“In a Better World,” the latest from internationally acclaimed Danish director Susanne Bier (“Things We Lost in the Fire,” “After the Wedding,” “Brothers”), garnered both the Academy Award and Golden Globe for Best Foreign Language Film. “Hævnen,” the Danish title, means “revenge,” which better signposts the elegantly written, somber script about spiraling violence in society and absentee fathers by Anders Thomas Jensen (Bier’s regular collaborator). Meanwhile, Bier’s director of photography Morten Søborg strikingly captures bright African landscapes, which contrasts with the more dull if idyllic Danish scenery in the film.
Anton (Mikael Persbrandt), a physician serving in an African refugee camp, tends to patients suffering from the routine horrors of war like starvation and amputated limbs. The scale of atrocity dramatically rises when pregnant women begin to appear with their bellies cut open, the depraved result of a sadistic warlord who placed wagers on the sex of the unborn children. Then one day, the evil monster himself ends up as a patient in Anton’s clinic. The good doctor naturally wrestles with his Hippocratic Oath, for better or for worse.
Anton returns home to his quiet Danish town at the request of his former wife, Marianne (Trine Dyrholm), who’s worried that their older son Elias (Markus Rygaard) is being endlessly bullied in class. Elias’s life noticeably improves though with the arrival of Christian (William Jøhnk Nielsen), a new classmate from London whose father Claus (Ulrich Thomsen) frequently returns on business. Having recently lost his mother to cancer, for which he blames his father, Christian takes no prisoners and fights back viciously against the bullies, taking revenge on Elias’s behalf.
But when pacifist Anton takes the boys on a daytrip, he breaks up a fight between his younger son and another boy, whose father (Kim Bodnia) then punches Anton for laying hands on his son. Anton loses the boys’ respect for not hitting back. He nonviolent philosophical explanation also doesn’t hold any water with the boys. Rather, Christian and Elias take matters into their own hands, with tragic results.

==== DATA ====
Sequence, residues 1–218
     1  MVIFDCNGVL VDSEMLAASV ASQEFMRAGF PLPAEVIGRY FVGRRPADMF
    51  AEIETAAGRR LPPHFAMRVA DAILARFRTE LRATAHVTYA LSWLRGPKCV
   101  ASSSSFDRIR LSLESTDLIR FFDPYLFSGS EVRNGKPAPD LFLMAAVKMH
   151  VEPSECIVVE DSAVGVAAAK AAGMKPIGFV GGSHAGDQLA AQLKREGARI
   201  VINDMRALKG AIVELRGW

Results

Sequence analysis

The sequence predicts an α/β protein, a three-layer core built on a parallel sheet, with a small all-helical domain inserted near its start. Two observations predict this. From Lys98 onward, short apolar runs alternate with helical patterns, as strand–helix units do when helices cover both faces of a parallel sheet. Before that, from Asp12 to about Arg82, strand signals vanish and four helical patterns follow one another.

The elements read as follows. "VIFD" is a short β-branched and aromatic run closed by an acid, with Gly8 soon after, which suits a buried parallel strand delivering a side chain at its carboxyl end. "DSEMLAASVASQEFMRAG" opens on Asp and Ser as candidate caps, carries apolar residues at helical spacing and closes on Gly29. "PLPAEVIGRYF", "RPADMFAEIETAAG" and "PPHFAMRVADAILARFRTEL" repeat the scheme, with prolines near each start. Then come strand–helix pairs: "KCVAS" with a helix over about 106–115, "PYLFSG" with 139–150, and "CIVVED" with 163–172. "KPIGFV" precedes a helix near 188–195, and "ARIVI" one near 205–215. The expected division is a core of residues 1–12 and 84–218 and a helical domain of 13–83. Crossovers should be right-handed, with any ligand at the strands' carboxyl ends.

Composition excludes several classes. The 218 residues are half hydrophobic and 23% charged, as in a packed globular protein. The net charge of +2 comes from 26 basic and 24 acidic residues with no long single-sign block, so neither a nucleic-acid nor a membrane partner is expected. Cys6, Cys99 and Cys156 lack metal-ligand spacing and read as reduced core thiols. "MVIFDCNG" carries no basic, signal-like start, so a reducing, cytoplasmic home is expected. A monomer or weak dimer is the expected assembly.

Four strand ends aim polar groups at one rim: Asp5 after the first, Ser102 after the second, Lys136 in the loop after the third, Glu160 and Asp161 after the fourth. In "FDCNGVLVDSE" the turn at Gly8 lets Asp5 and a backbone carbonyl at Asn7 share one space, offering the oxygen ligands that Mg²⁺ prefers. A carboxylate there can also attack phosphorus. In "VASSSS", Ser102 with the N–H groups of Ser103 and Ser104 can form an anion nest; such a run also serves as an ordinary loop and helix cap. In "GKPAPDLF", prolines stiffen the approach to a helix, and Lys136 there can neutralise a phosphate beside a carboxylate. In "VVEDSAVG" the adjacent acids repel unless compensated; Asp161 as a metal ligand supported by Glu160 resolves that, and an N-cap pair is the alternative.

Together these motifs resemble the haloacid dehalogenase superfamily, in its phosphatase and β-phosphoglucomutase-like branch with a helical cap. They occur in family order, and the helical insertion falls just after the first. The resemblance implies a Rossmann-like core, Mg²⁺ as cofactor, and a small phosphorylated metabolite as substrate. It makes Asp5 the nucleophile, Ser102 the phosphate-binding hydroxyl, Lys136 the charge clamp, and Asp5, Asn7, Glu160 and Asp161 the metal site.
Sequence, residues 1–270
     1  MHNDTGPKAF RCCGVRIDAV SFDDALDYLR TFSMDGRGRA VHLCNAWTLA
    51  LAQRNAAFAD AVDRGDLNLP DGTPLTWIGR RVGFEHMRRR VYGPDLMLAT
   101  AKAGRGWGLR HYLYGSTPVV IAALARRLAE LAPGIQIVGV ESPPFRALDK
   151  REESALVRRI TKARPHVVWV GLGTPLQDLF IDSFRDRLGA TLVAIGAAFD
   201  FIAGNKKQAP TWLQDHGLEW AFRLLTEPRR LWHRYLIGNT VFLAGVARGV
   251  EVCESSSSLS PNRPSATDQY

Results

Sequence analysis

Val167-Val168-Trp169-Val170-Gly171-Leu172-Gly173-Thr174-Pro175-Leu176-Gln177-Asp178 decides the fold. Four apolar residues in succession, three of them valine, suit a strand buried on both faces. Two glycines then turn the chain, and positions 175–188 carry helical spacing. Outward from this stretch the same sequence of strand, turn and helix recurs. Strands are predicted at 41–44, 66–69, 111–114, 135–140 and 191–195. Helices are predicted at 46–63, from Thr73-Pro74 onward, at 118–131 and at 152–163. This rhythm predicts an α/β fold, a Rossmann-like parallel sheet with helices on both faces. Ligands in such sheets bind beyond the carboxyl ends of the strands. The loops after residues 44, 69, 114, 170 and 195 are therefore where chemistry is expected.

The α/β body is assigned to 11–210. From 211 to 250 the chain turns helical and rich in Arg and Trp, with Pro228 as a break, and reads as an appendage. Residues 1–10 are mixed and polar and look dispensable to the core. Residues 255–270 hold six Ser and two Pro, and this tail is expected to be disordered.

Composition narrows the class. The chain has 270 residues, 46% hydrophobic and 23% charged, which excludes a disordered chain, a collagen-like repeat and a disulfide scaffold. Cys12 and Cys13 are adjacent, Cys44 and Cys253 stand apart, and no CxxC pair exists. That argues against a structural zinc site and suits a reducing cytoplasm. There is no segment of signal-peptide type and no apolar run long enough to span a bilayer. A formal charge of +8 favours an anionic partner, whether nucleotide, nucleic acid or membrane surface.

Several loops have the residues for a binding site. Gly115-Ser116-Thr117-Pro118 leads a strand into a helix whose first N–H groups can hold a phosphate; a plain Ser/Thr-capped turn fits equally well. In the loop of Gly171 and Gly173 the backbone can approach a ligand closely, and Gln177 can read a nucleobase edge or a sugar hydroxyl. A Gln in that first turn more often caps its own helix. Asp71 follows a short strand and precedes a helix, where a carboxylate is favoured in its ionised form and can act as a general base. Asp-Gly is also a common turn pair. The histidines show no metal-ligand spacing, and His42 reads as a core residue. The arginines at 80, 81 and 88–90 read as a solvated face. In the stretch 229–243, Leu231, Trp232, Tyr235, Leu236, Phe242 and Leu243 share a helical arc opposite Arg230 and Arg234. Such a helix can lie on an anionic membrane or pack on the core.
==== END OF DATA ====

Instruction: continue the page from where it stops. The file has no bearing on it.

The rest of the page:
In a Better World
(Danish with subtitles; 119 min.)
Landmark’s E Street Cinema
Opens Fri., April 8
4 out of 5 stars
Legendary Iranian master Abbas Kiarostami (“Taste of Cherry,” “The Wind Will Carry Us”) is world-renowned for his thoughtfully crafted documentary-like features in which reality and fiction tightly intertwine to the point where the two cannot be separated. With “Certified Copy,” he ventures to Italy to make his first feature film set outside of Iran. Perhaps Italy provides a refreshing change to the auteur, since the film is far more playful than his previous work.
Esteemed French actress Juliette Binoche (“Summer Hours,” “The English Patient,” “The Unbearable Lightness of Being”) deservedly won the Best Actress award at Cannes for playing an unnamed single mother who works as an antiquities gallery owner in a Tuscan village. As always, Binoche is a delight to watch, a yummy feast for the eyes. Her slightest movements can effortlessly express a potpourri of emotions. Similarly, she breezily switches between English, French and Italian.
She sits in on a lecture by English art historian and author James Miller (opera star William Shimell) covering original and fraudulent art. Noticeably holding considerable attraction for him, she awkwardly invites him to check out her shop. He makes a brief appearance before brusquely stating that he prefers to drive through the countryside before his train departs. She joins him on the road trip, setting up the trademark Kiarostami scene of talking in a vehicle in motion. While driving, they argue over his theories, which infuriate her. Yet that doesn’t stop her from blatantly hitting on him.
Due to a miscommunication that she amplifies, people confuse him for her husband, which they don’t deny. In fact, they play along as if they were a married couple of many years. As they chat about art, life and love, something shifts, at which time it’s clear that they do indeed know each other very well. Now how did that just happen? With a Kiarostami enigma, there are no easy answers, but the pleasure is in pondering the puzzle.
(English, French and Italian with subtitles; 106 min.)
Landmark’s Bethesda Row Cinema
4.5 out of 5 stars